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Regulating finescale resolved convection in high-resolution models for better hurricane track prediction

August 4th, 2023

Key Findings

  • This study investigated unexpected issues that arise in tropical cyclone prediction as models move to higher resolution and become increasingly capable of explicitly resolving convection
  • Better regulation of explicit convection reduces North Atlantic hurricane track errors in a high-resolution model by 10% at days 4 and 5
  • Improved track forecasts are related to a more realistic representation of the North Atlantic subtropical ridge
  • Explicit convection is modulated by implicit diffusivity in the model’s advection scheme

Kun Gao, Lucas Harris, Morris Bender, Jan-Huey Chen, Linjiong Zhou, Thomas Knutson. Geophysical Research Letters. DOI: 10.1029/2023GL103329

Hurricanes, also known as tropical cyclones (TC), are the costliest weather disasters in the U.S. and accurate hurricane track and intensity forecasts are crucial for early preparation. High-resolution models (approximately 3 km grid spacing or finer) covering a large domain are emerging as powerful tools for hurricane prediction. However, while the use of high resolution helps improve hurricane intensity prediction, it can also make the model more prone to develop errors in the prediction of steering flow and hurricane tracks – due to the possible impact of prevalent small-scale features resolved by the model. This study suggests that regulating small-scale convection activity in a high-resolution model can significantly improve hurricane track predictions at days 4 and 5.

Currently, dynamical TC track and intensity predictions are generated by two types of models – global models with relatively coarse resolution (10 km) and regional models with relatively high resolution (1 km). Newly emerging cloud-resolving models with a large domain have either minimized or eliminated the impact of externally imposed boundary conditions, and therefore have the potential to improve both track and intensity prediction skills for operational forecasting. However, major efforts are still needed to achieve this ambitious goal. In particular, a comprehensive understanding of the error sources for the prediction of large-scale environments is needed.

Are there unexpected issues that arise in TC prediction as we move to higher resolution (approaching 3 km) and models become increasingly capable of explicitly resolving convection? The authors found that at such high resolutions, the resolved convection can become overly active, which degrades the large-scale circulation, leading to large track error in many cases. Better regulation of the marginally resolved convection by optimizing the model’s advection scheme alleviates this issue and improves the track prediction skill by 10% at days 4 and 5. This study underscores the role of grid-scale convection in high resolution hurricane models, and the often overlooked role it plays in hurricane track forecasting skill.

The authors used T-SHiELD, a two-way nested “Tropical” configuration of the GFDL’s System for High-resolution prediction on Earth-to-Local Domains model (SHiELD). T-SHiELD features a large high-resolution nest (3.25 km grid spacing) over the North Atlantic embedded in the global (13 km grid spacing) domain. T-SHiELD uses the nonhydrostatic Finite-Volume Cubed-Sphere (FV3) dynamical core and a suite of physical parameterizations that either originated from NOAA’s Global Forecast System or were developed at GFDL.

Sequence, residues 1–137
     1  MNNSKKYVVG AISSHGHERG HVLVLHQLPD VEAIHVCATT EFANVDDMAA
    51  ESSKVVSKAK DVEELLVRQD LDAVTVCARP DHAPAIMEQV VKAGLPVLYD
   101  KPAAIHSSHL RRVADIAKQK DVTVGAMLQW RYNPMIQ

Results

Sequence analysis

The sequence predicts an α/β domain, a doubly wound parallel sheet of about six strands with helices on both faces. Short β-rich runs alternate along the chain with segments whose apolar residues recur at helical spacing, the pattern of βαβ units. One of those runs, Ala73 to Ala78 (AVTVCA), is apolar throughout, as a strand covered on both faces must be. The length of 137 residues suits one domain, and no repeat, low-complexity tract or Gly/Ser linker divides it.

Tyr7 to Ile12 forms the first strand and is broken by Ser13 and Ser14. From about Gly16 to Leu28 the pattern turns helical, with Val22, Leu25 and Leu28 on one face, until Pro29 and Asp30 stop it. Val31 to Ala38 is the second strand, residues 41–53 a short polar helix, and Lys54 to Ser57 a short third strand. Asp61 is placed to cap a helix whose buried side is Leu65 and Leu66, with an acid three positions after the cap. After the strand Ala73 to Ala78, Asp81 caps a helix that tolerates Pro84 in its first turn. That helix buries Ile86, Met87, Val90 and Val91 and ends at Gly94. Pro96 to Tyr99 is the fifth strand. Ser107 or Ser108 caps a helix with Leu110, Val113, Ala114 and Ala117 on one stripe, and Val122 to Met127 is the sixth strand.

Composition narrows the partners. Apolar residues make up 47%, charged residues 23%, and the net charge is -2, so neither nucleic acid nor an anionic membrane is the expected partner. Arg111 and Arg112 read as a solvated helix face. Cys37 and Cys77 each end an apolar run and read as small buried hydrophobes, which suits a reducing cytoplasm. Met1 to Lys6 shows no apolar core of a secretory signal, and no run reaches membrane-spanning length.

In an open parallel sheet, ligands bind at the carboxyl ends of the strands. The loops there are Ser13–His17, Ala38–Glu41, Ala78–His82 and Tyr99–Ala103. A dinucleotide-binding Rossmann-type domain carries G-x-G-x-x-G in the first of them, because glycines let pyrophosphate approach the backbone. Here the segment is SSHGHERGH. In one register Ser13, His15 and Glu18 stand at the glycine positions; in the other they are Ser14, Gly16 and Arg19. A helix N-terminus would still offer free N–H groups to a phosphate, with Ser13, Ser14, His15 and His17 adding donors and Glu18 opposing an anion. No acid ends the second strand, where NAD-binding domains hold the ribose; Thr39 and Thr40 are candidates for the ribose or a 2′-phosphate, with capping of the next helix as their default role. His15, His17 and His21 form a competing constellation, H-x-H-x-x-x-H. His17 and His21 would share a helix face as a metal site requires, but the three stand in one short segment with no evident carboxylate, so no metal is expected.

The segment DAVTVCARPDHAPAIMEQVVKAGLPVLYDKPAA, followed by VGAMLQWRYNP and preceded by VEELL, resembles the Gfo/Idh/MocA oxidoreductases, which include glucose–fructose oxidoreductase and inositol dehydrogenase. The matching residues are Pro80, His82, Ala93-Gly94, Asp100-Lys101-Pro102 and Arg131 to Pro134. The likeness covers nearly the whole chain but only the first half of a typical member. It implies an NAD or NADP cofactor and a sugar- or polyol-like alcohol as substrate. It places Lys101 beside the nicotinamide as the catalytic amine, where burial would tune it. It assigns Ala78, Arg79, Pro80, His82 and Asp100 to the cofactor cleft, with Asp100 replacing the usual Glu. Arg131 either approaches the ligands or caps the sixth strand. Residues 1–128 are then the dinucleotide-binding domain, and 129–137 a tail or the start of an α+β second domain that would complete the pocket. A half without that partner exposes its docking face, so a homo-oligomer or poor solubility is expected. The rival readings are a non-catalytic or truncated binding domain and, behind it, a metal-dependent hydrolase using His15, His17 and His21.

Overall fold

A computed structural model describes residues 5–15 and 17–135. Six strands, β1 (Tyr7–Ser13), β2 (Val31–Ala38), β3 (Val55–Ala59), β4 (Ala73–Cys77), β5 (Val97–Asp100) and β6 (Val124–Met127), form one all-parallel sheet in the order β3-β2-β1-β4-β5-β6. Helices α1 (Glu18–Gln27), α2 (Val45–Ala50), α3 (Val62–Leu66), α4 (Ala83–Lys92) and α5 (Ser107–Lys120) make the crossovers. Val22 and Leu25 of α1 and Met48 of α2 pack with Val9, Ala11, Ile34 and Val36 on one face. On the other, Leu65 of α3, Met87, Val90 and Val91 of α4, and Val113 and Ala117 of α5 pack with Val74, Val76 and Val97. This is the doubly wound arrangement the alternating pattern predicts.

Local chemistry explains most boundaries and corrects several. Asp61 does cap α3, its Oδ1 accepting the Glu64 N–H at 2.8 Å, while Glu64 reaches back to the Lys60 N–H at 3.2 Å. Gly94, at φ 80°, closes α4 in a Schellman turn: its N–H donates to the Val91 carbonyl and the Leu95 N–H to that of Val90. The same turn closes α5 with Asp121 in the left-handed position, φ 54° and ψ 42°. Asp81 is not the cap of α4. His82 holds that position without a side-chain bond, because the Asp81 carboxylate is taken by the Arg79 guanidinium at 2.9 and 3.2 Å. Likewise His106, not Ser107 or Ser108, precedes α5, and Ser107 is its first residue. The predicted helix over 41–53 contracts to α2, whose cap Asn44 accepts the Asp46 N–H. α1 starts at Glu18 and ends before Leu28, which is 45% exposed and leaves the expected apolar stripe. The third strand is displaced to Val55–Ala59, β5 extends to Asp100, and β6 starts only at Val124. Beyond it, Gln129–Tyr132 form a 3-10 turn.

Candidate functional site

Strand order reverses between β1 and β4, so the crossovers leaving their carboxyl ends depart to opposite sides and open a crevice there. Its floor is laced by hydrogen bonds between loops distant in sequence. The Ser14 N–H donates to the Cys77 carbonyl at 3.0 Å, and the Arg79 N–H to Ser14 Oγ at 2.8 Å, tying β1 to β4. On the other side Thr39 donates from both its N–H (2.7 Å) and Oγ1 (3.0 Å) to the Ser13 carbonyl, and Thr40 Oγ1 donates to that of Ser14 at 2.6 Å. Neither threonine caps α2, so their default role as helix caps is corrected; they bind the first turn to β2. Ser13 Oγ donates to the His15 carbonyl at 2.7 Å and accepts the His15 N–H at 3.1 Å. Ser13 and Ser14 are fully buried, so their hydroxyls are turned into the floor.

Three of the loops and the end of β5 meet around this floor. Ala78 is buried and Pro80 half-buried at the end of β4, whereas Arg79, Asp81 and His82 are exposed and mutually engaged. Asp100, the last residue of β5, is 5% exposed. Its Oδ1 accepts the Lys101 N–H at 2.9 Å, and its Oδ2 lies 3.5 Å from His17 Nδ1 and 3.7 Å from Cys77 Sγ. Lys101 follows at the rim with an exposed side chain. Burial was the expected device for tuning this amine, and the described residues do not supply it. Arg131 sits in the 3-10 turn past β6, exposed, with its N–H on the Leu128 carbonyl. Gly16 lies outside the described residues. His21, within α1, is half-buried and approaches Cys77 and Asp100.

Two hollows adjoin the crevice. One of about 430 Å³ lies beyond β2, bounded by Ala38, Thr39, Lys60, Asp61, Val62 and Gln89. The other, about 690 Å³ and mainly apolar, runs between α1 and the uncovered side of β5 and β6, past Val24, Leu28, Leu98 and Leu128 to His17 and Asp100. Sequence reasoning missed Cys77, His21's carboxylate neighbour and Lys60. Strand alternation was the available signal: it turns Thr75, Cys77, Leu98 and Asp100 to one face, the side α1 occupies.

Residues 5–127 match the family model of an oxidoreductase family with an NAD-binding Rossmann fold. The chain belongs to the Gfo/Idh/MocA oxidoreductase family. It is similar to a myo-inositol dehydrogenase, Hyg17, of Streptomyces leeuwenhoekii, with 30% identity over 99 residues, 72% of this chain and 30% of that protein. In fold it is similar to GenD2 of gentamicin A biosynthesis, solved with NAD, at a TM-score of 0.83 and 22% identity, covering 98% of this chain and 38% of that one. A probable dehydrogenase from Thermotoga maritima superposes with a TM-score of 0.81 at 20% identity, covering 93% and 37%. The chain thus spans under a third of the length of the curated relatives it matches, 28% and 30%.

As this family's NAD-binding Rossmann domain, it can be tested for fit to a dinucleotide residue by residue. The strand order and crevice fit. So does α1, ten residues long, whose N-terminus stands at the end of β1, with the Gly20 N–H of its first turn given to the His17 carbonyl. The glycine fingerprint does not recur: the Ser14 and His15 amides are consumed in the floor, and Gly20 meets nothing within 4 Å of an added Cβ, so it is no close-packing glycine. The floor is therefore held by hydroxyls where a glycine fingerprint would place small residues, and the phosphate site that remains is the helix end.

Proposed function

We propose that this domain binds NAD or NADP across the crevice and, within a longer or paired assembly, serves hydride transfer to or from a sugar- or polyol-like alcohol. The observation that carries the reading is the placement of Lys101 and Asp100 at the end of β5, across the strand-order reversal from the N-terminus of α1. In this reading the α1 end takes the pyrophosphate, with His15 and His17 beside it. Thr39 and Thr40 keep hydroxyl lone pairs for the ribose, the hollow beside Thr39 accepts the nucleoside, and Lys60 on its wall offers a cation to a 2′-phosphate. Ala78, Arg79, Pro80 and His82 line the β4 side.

In controlled experiments, only the choice of the horizontal advection scheme was changed in the nested domain of T-SHiELD. Two sets of retrospective 5-day forecasts are conducted for five hurricane seasons (2018 to 2022), using one of two different horizontal advection schemes in the nested region.

Forecasts from two operational models, the Global Forecast System and Hurricane Weather Research and Forecasting model, served as benchmarks, to show that both configurations of T-SHiELD have reasonable track prediction performance. One of the two T-SHiELD configurations actually showed improved track performance compared to the GFS and HWRF models beyond 72 hr, although it was not a main goal of this study.

These experiments revealed a clear connection between the choice of the horizontal advection scheme and TC track prediction errors in simulations where deep convection is explicitly resolved. Controlling the prevalence of small-scale unorganized convection in a high-resolution model is important for maintaining the strength and western extent of the North Atlantic subtropical ridge, which is critical for the track prediction of many Atlantic TCs, especially for those threatening landfall on the continental US.

This research carries several practical implications. It shows that explicit convection can have significant impacts on the large-scale steering flow and storm track predictions, including unexpected ways that do not occur in lower-resolution models. It also suggests that tracks can be improved by optimizing dynamical parameters controlling explicit convection in these models. This is especially important since NOAA’s newly launched operational Hurricane Analysis and Forecasting System shares the same FV3 dynamical core as T-SHiELD. The authors encourage the community to pay better attention to the behavior of the explicit convection and its aggregate large-scale impact during the development of high-resolution hurricane forecasting models, and more broadly global storm-resolving weather and climate models.

Figure. Predicted (colored) and observed (black) tracks of three high-impact hurricanes. (a-b) Hurricane Dorian 2019, (c-d) Hurricane Laura 2020, (e-f) Hurricane Ian 2022. The T-SHiELD configuration with hord6 horizontal advection scheme (right-hand-side panels) better regulates the marginally resolved convection, which leads to much improved track prediction.